As we left Napier, we said a fond farewell to our hosts (and life in a house) and stopped by the old port of Ahuriri. We had our sandwiches whilst watching some very territorial seagulls jostling for prime position. Thankfully the seagulls here are positively polite and will wait patiently for a morsel of lunch - a welcome change from the onslaught of arial attacks of their absolutely massive British counterparts.
There's a shed-load of interesting graffiti around the port which we had seen whilst cycling a few days earlier, so we went to get a better
look at some of the urban artwork. It seems that the attitude to street art is somewhat different to at home - it's not seen as mindless vandalism and I'm quietly confident no-one would be caught spraying "Jonny woz 'ere 2k16" over a Banksy original. After our impromptu tour, we watched the boats return to port whilst enjoying an extravagant hot chocolate, with the weather taking its daily turn. We then headed to the Mahia Peninsula, arriving at 6pm - in the dark...
Waking up in Mahia, we were taken by the sun rising over the cliffs across the bay. After a slow-motion morning and a spot of football, we decided to walk the small distance to the adjacent town. Turns out - it's bloody miles away! We had a great time strolling along the beach in the sunshine but things took a rather dark turn when we spotted a number of dead ducks on the ground. It's duck-hunting season here and it looks like someone had just driven their car onto the beach to dump their kill - disgusting! We carried on past the miniature horror-scene and stopped at the Sunrise Tavern for a beer. Interestingly, one of the Tui beers available was called Rocket Fuel and when we asked why, we were told that there is a rocket testing facility at the end of the peninsula! In fact, there had been a launch earlier that week (some things do pass you by when you live in a van). We eventually decided to brave the long walk home, guided only by the southern cross which has eluded us until now. We've spent many a night guessing which random cluster of stars it could be,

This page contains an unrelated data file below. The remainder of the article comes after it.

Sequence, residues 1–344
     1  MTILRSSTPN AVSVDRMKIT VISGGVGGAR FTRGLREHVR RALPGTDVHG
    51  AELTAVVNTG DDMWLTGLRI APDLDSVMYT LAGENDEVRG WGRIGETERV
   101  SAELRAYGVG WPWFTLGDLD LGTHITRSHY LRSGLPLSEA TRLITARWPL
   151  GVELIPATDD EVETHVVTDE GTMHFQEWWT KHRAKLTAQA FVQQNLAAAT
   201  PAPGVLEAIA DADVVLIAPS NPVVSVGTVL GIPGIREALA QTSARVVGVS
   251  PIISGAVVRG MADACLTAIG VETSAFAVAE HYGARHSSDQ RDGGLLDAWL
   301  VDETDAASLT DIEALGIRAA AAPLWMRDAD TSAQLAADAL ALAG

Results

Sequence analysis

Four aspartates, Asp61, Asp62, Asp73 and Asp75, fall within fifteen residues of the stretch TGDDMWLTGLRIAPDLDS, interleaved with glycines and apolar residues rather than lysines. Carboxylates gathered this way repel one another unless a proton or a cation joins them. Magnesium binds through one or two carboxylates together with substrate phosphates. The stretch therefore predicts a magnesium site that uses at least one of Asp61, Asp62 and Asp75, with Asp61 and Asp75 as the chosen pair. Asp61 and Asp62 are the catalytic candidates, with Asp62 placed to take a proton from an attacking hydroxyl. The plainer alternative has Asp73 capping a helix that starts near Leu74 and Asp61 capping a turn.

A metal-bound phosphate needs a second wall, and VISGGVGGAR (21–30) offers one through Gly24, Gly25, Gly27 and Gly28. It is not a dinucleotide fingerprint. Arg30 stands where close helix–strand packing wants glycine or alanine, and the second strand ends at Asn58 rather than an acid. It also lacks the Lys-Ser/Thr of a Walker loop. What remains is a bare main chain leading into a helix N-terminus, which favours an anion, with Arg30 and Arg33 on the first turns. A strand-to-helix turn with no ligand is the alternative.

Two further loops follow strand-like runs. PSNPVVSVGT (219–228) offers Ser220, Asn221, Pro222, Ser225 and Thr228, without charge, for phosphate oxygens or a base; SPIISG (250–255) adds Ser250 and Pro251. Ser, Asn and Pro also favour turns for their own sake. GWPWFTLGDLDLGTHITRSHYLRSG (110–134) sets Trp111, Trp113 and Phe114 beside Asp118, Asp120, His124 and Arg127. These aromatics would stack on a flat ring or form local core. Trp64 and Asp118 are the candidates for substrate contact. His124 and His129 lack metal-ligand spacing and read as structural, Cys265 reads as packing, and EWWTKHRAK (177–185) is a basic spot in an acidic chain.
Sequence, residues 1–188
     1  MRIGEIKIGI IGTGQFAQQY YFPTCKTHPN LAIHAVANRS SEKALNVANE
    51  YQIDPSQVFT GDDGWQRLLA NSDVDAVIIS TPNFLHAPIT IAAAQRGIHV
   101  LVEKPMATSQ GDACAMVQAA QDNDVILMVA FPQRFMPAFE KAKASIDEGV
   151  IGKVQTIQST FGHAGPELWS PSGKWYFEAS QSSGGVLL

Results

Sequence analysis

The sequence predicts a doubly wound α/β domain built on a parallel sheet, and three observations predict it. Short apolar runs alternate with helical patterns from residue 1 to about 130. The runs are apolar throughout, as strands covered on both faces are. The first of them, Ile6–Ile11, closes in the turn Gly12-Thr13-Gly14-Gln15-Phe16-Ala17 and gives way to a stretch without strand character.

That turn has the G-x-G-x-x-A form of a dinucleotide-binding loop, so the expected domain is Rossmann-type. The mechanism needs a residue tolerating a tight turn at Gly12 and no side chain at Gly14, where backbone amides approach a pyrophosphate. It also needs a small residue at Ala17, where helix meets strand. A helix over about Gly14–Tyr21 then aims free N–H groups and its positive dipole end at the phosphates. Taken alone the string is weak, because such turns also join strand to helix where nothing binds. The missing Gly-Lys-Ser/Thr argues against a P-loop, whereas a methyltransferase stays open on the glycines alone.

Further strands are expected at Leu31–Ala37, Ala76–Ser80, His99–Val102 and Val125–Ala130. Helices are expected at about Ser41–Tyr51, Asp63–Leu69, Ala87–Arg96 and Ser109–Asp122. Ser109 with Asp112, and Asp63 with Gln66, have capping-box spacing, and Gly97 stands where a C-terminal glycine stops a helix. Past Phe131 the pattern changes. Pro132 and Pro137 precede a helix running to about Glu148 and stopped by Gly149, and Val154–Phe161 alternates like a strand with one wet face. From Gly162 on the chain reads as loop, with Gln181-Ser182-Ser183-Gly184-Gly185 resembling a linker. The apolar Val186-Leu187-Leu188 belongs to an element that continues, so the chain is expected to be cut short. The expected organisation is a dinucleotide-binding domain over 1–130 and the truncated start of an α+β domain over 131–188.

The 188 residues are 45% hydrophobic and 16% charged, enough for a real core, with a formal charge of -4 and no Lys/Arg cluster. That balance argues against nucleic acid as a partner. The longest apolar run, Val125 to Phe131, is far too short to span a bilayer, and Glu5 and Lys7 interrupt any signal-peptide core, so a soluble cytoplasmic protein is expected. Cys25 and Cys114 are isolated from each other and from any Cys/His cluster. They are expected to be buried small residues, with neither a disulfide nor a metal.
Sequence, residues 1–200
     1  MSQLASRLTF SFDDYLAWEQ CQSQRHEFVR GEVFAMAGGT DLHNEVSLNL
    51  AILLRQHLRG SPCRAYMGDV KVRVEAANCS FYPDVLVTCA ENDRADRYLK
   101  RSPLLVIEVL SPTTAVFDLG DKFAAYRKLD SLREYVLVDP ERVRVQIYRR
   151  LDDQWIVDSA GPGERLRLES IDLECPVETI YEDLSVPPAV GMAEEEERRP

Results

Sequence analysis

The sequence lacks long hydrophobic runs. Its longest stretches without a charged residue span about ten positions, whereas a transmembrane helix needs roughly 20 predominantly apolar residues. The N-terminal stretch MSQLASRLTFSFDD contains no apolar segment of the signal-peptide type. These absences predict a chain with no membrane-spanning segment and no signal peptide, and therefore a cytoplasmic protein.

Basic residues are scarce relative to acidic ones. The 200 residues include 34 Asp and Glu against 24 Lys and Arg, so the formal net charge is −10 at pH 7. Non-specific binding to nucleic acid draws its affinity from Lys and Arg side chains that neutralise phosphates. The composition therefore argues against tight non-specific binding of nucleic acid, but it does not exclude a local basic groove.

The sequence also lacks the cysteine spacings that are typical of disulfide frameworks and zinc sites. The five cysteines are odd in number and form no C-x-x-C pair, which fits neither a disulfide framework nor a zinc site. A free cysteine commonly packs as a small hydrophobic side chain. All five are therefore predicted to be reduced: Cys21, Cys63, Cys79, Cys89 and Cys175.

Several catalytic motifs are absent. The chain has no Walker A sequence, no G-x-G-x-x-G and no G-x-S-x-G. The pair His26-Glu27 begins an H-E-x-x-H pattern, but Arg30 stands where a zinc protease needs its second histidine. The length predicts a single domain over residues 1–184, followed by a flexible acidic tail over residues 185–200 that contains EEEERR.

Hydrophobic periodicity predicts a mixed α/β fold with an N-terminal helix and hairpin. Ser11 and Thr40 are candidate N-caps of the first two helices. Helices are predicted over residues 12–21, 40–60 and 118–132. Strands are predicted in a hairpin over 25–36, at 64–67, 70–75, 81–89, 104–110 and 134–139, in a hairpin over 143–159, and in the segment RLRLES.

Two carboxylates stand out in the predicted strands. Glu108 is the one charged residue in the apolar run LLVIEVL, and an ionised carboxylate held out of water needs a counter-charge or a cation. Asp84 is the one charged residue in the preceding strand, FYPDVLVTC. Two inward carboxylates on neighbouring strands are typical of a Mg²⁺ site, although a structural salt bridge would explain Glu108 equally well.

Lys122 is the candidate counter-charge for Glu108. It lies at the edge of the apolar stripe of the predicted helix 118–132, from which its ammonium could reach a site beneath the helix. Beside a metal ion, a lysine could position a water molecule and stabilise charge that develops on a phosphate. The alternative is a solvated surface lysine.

turns out it's pretty obvious once you've seen it! We still don't fully understand how to navigate using nothing but celestial bodies but it was pretty easy this time around.
The next day, we explored Mahia in the van. There's plenty of unsealed gravel road here, so there were some hairy moments on the way, but my god, this place is beautiful! Naturally, the only other car we passed was a huge 4x4 that must have thought we were lost. "Not all those that wander" and other such cliches...
It's essentially a compilation of the most pristine bays and mountain vistas, broken up by the occasional - "Do not enter, hazardous rocket-testing site ahead" sign, and some sheep... Standard.
We visited the beach next to the river estuary on the way back to our site for the night. We saw some fish jumping in the water, I wrote something weird in the sand and Jane gave me a disapproving look.
We really enjoyed the beauty and tranquility of the peninsula but there's not a great deal around in terms of traditional civilization. A local described the area as "like the 1970s, but that's how we like it". The weather was sadly due to get worse so we made the call to go to the much more populated Gisborne. I'm becoming quite aware that this blog could be called simply "British man talks about the weather". That must be a Rochdale Herald article...